Over the very long term, the stock market has served as a wealth-creating machine. Though it’ll have its down years and finish behind commodities or housing in others, no asset class has consistently generated higher average annual returns.
Then, a little over a decade ago, cryptocurrencies made their presence known and turned this long-lived thesis on its head.
Perhaps no digital currency has created more buzz among the retail investing community than Dogecoin (CRYPTO:DOGE).
Dogecoin has delivered huge returns without any substance
The “why Dogecoin?” answer has a lot to do with its past performance. It’s no secret that cryptocurrency traders are momentum chasers in a market that’s far more susceptible to violent price swings than traditional equity markets. In a recent six-month stretch, Dogecoin rallied as much as 27,000%. Looking further back, it’s up by more than 128,000% from where it could be purchased in December 2013.
But in spite of these gains, Dogecoin is flawed in many respects. As an example, its optimists often tout its growing utility as reason to be excited. But in nearly every aspect of its real-world utility, Dogecoin is a failure.
- Dogecoin’s blockchain handles about 50,000 transactions daily, which means it would take more than 38 years to match the 700 million combined transactions that Visa and Mastercard handle each day.
- A minuscule 1,300 businesses worldwide have come to accept Dogecoin as a form of payment, and it’s taken eight years simply to reach this figure.
- Dogecoin’s transaction fees can be undercut by more than a half-dozen other popular cryptocurrencies, and in many instances its settlement and validation times are slower than its peers.
In sum, Dogecoin has virtually no use beyond being traded on cryptocurrency exchanges.
It’s also being violently whipsawed by the whims of Tesla CEO Elon Musk. A future currency shouldn’t swing 30% if Musk posts a Dogecoin meme, but that’s exactly what we’ve been seeing. It’s hard to take Dogecoin seriously when there’s absolutely nothing tangible in its sails and its community keeps pumping social media with misinformation about its real-world use case.
This popular stock has crushed Dogecoin in the returns department
But maybe the bigger surprise is that you can find stocks that have actually outperformed Dogecoin. In fact, patient investors in one mega-cap stock have been rewarded with a more than 26 times greater return, in aggregate, than Dogecoin.
Earlier this year, conglomerate Berkshire Hathaway (NYSE:BRK.A)(NYSE:BRK.B), which is run by legendary buy-and-hold investor Warren Buffett, published its annual shareholder letter. Within that shareholder letter, Berkshire breaks down its performance under Buffett’s tutelage all the way back to the beginning of 1965. In that stretch, his company’s stock has returned an annual average of 20% per year. On an aggregate basis, this works out to a gain of 2,810,526%.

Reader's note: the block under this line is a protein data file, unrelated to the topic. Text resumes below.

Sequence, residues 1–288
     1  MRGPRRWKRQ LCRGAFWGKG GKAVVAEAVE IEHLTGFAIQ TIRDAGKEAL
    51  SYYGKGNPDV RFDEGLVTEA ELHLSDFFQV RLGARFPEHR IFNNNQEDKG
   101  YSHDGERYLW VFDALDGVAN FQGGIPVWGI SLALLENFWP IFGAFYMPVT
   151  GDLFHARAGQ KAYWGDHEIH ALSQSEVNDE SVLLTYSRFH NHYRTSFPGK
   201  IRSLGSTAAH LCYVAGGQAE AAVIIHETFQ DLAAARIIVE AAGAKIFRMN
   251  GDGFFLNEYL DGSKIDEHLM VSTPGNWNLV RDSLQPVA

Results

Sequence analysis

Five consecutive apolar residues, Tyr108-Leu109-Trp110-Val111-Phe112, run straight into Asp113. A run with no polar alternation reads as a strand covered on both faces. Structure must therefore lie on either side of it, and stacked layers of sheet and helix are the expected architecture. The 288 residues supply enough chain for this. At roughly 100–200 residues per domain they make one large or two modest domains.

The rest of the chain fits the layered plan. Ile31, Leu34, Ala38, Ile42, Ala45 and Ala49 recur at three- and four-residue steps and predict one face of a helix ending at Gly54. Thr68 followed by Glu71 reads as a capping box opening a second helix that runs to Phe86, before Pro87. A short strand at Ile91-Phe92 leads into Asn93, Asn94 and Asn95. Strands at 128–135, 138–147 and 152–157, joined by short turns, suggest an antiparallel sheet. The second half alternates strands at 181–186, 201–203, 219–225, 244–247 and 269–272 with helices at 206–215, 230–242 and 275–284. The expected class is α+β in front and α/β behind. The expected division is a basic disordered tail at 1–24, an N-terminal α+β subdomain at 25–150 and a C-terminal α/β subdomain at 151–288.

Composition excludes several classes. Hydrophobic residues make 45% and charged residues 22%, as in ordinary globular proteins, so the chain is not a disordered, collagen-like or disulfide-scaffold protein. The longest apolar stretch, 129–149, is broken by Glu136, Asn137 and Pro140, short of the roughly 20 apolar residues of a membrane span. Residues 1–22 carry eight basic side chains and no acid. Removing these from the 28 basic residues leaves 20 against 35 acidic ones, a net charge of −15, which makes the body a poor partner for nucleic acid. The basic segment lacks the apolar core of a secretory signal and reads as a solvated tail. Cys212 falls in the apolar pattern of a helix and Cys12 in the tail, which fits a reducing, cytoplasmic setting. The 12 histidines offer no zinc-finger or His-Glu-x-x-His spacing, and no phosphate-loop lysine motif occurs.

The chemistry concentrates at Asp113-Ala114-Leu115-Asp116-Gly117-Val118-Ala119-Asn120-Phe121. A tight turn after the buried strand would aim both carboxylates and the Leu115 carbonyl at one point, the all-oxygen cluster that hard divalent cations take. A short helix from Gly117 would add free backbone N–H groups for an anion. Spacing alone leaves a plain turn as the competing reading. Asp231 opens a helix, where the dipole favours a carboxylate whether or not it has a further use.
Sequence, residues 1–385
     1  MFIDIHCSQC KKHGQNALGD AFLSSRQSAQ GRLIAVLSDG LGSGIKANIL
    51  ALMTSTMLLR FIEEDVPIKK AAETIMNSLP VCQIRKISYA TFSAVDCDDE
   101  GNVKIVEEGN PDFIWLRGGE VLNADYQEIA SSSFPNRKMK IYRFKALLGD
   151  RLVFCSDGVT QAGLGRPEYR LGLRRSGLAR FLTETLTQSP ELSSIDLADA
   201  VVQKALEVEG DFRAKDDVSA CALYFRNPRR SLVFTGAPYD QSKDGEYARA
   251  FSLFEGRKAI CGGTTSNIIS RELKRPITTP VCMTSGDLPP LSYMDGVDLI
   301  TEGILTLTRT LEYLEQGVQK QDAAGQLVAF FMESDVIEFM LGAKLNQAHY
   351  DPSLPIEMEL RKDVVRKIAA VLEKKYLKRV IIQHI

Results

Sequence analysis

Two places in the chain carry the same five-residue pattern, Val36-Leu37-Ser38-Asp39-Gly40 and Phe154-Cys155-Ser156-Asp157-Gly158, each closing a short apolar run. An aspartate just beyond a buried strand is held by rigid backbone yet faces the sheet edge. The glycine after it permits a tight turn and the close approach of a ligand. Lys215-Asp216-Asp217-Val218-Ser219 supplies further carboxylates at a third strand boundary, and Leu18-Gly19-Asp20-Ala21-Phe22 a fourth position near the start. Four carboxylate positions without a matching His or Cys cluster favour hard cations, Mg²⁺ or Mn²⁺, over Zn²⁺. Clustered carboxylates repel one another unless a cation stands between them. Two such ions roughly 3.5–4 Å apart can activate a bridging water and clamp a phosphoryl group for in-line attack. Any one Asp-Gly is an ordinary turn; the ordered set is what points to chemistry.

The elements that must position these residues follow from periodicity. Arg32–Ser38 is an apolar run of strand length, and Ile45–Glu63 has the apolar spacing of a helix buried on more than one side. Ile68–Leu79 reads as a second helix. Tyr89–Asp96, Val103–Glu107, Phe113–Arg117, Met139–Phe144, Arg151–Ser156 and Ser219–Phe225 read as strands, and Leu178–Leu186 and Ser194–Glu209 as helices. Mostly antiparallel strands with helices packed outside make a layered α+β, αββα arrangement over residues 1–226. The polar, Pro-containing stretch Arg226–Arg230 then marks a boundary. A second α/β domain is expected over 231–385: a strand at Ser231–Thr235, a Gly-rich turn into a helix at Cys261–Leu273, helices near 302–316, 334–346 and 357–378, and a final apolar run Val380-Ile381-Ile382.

But I’m not finished. Through June 1, 2021, Berkshire Hathaway’s Class A shares (BRK.A) were up another 25.29% on a year-to-date basis. This works out to an aggregate return under Buffett’s leadership of 3,521,308%! Berkshire Hathaway has outrun Dogecoin’s return of 128,388% by close to 3,400,000 percentage points — and it’s done so without paying a single dividend to its shareholders.
How has Buffett absolutely crushed Dogecoin? For one, he values proven business models and companies with brand names over coin-flip investment opportunities. The Oracle of Omaha’s company has owned shares of Cola-Cola (NYSE:KO) since 1988. Coke sells its products in all but two countries worldwide (North Korea and Cuba), has over 20 brands generating at least $1 billion in annual sales, and is easily one of the most-recognized brands around the globe. Regardless of whether the economy is booming or struggling, Coca-Cola is going to be just fine, and Buffett knows it.
Speaking of the economy, Warren Buffett has also packed his company’s investment portfolio with cyclical businesses — i.e., companies that perform well during economic expansions and struggle during recessions. For Buffett, this is a simple numbers game. While recessions are inevitable, they typically only last a couple of quarters, at most. Comparatively, bull markets and periods of expansion are almost always measured in years. In fact, the last economic expansion in the U.S. lasted a record 11 years. If Buffett and his team exercise patience, they should have no trouble building wealth over time.
Berkshire Hathaway may not pay a dividend to its shareholders, but this doesn’t mean Buffett and his team don’t value a steady income stream. Buffett’s company is on pace to generate more than $4 billion in dividend income this year. Dividend stocks are most often profitable and have time-tested operating models.
In short, Buffett’s success has everything to do with focusing on fundamental factors and allowing the data to work its magic over time. That’s a far cry from Dogecoin, which is driven by hype and misinformation, and has virtually no fundamental factors working in its favor.
This article represents the opinion of the writer, who may disagree with the “official” recommendation position of a Motley Fool premium advisory service. We’re motley! Questioning an investing thesis — even one of our own — helps us all think critically about investing and make decisions that help us become smarter, happier, and richer.